Priscilla Williamson, NRCS supervisory district conservationist, (left), enjoys seeing all the varieties of tomatoes ripening in the newly constructed seasonal high tunnel.
Hattie Thompson has a heart for growing healthy food for her community thanks to the help of her new seasonal high tunnel.
“My mission is to network throughout the local community with other growers who might be interested in doing the same thing, and to teach children and mothers about nutrition,” said Thompson, who farms in Leake County, Mississippi.
After 50 years of city life in Wisconsin, Thompson and her husband moved to the country near Carthage, Mississippi, when they inherited some land 10 years ago. The small six-acre farm is landscaped with fruit trees and an abundance of beautiful flowers. Chickens, guineas and turkeys also call the farm home. Read more »
The Vergennes-Panton Water District along Lake Champlain in Vermont was able to upgrade the city's water treatment plant with support from USDA. The Department is working through several agencies to help improve water quality in the lake. USDA Photo by Bob Nichols.
In recent years, blue-green algae blooms have frequented Lake Champlain, impairing the lake’s water quality. Through a new partnership with USDA, nearly 20 organizations in the area will work together with farmers and ranchers to help improve water quality of the lake and reduce algae blooms.
The Vermont Agency of Agriculture Food & Markets and the Vermont Agency of Natural Resources are uniting partners to engage and support farmers and forest landowners who use voluntary conservation practices that lead to cleaner water. Called the “Accelerated Implementation of Agricultural and Forestry Conservation Practices in the Lake Champlain Watershed of Vermont and New York,” this project will provide outreach to farmers throughout the watershed and help connect them with innovative conservation solutions for their land. Read more »
Indiana is “The Crossroads of America” and the state’s farms, dairies, and agricultural operations are as varied as America itself. Check back next Thursday for another spotlight from the 2012 Census of Agriculture.
The Census of Agriculture is the most complete account of U.S. farms and ranches and the people who operate them. Every Thursday USDA’s National Agricultural Statistics Service will highlight new Census data and the power of the information to shape the future of American agriculture.
The 2012 Census of Agriculture results are out and, just as many predicted, Indiana agriculture continues to grow. True to our state’s motto, “The Crossroads of America,” the state of Indiana has a very diverse agriculture. The Hoosier State is a large contributor of corn, soybeans, tomatoes, ducks, milk, hogs, chickens and turkeys. And these are just a few of many commodities produced in Indiana.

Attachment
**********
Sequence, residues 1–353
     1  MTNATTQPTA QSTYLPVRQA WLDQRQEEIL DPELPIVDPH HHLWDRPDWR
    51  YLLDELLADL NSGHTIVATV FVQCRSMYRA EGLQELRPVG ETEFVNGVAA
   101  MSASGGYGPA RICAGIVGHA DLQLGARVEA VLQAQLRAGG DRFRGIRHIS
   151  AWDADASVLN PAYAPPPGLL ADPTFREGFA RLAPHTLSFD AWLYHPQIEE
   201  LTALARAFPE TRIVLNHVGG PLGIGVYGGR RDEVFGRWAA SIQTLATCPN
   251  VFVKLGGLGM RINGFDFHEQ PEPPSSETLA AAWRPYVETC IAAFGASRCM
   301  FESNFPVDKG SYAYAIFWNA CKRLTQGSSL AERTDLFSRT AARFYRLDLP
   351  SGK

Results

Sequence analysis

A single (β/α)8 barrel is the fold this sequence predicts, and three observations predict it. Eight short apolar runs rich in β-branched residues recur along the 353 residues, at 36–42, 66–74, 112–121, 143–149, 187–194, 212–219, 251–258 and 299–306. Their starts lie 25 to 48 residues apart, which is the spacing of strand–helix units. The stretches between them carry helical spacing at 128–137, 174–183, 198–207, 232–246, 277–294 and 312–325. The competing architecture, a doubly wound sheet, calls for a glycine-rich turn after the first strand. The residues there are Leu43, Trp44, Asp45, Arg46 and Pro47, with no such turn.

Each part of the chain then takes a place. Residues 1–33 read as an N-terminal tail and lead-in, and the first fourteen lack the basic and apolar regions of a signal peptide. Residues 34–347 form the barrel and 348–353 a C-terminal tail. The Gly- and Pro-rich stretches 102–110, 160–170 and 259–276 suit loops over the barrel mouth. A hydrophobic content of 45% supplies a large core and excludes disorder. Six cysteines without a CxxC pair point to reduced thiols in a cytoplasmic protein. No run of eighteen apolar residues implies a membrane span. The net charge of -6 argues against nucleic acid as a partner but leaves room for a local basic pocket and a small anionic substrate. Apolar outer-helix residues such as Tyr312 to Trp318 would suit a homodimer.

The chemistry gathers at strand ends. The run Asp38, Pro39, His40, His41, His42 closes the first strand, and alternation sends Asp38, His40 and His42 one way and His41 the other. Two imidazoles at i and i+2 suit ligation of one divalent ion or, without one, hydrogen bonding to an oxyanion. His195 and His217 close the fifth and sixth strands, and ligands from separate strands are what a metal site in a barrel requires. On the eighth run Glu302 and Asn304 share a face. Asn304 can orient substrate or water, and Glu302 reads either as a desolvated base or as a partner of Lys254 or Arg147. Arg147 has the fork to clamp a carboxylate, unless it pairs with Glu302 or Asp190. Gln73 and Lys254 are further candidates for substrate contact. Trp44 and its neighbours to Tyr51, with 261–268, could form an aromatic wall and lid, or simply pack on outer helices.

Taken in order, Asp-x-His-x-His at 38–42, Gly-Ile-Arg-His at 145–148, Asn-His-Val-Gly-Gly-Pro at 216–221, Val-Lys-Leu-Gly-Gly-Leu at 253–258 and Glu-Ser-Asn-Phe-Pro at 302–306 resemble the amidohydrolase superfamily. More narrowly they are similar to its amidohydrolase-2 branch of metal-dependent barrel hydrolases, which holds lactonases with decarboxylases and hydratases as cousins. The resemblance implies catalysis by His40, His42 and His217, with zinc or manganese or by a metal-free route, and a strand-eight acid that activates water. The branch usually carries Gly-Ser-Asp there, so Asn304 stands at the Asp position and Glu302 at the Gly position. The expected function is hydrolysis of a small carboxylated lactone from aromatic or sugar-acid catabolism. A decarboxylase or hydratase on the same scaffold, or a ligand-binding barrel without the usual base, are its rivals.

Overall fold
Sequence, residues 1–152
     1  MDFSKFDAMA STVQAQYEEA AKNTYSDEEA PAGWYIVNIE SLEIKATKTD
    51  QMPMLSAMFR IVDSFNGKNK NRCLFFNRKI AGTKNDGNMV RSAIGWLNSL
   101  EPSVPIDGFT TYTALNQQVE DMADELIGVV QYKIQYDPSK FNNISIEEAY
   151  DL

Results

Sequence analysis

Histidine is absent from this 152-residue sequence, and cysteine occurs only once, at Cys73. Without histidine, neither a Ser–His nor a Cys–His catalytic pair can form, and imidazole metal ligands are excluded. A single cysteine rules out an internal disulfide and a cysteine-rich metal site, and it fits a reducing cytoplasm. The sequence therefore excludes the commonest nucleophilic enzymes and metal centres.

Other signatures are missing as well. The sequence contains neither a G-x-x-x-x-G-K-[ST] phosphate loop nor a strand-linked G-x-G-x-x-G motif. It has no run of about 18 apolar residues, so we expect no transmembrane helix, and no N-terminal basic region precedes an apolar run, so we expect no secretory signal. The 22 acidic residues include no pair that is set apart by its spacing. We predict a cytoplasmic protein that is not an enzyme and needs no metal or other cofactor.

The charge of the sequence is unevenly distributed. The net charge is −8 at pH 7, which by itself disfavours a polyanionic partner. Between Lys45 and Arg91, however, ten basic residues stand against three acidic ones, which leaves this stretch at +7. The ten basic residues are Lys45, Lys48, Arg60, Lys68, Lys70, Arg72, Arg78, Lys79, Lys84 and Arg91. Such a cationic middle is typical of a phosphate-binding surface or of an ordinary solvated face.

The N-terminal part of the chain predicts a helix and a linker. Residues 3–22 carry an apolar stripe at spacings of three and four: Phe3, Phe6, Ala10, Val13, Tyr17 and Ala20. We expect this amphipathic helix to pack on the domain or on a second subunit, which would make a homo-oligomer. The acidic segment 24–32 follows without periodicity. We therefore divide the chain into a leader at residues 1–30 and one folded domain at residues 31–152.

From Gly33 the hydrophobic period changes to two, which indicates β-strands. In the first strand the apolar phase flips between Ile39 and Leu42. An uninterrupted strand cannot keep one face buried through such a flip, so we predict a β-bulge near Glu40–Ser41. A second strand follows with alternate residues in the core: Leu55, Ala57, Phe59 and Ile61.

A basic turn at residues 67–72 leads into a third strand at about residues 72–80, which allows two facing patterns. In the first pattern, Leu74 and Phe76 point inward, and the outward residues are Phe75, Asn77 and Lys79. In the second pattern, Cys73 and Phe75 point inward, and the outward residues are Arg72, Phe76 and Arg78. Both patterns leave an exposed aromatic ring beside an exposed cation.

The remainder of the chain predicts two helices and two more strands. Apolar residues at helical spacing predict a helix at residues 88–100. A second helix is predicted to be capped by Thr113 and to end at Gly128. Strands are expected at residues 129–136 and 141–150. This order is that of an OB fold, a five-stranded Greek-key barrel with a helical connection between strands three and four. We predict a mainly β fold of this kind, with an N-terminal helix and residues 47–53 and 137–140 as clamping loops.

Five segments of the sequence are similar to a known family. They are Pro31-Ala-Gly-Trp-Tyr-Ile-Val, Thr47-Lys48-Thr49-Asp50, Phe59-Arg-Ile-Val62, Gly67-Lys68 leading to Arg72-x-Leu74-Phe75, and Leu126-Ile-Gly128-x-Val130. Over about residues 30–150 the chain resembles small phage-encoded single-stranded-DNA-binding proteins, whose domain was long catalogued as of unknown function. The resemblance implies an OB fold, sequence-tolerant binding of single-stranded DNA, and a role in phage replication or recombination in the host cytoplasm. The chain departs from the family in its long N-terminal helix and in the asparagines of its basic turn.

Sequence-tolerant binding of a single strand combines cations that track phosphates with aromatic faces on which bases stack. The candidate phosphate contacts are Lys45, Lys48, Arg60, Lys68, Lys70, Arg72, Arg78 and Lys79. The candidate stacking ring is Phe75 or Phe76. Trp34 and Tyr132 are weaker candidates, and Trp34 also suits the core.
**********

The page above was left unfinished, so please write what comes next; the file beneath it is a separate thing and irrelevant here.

According to the census results, there are 58,695 farms (ranking 7th nationally) on 14,720,396 acres of farm land in Indiana. Even though 2012 was a drought year, Indiana ranked 10th nationally in total sales by topping $11 billion, a 36 percent increase from just five years ago, which was the last time my agency conducted the Census of Agriculture. We also ranked 7th nationally in crop sales with just over $7.5 billion and 18th nationally in livestock sales with just over $3.6 billion. Read more »
USDA employees, Paul Youngstrum and Eric McTaggart, examine a cover crop radish. NRCS photo by Jody Christiansen.
Corn and soybean farmers across the nation saw an increase in yields last year thanks in part to soil health-building cover crops.
More than 1,900 farmers responded last winter to a survey about cover crops conducted by the USDA’s North Central Region Sustainable Agriculture Research and Education program and the Conservation Technology Information Center. The results to the survey were released in late fall.
Farmers who planted corn in a field following a cover crop had a 3.1 percent increase in yield compared to side-by-side fields with no cover crops. Likewise, soybean yields increased 4.3 percent following cover crops, according to the survey. Read more »
Innovation, biotechnology and big data are changing the way we produce, distribute and even consume food. From using innovative approaches to improve food safety to sharing market data to assist producers in reaching larger markets, big data and new technologies continue to change the face of agriculture. USDA strives to meet these evolving challenges and will be discussing these issues through the lens of agriculture at the 2015 Agricultural Outlook Forum on Feb. 19-20 in Arlington, Virginia.
Big data isn’t just massive amounts of numbers and codes for scientists, researchers and marketers. That information, when interpreted and applied, can help people understand – and change – the world around them. We are discussing how data helps producers of agricultural commodities in adapting their strategies to meet changing consumer demands, marketing practices and technologies. Read more »
Andy and Melissa Dunham, seen here with daughter Leonora, own and operate Grinnell Heritage Farm in Grinnell, Iowa. NRCS photo by Ron Nichols.
Some people are born to farm. Others grow to love it. In Melissa Dunham’s case, she fell in love with a farmer — and now she loves both the farmer and the farm.
“I was happily employed in the Twin Cities, but then I fell in love with this wonderful man who told me he was an organic vegetable farmer,” Melissa said. “I thought, ‘Sure, why not?’ We got married within seven months.”
It was an unexpected career and life change. “Everybody thought I was nuts moving down here to central Iowa to be a farmer,” she said. But now she’s growing food she believes in — and in a way that will leave the land in better condition for the generations to follow. Read more »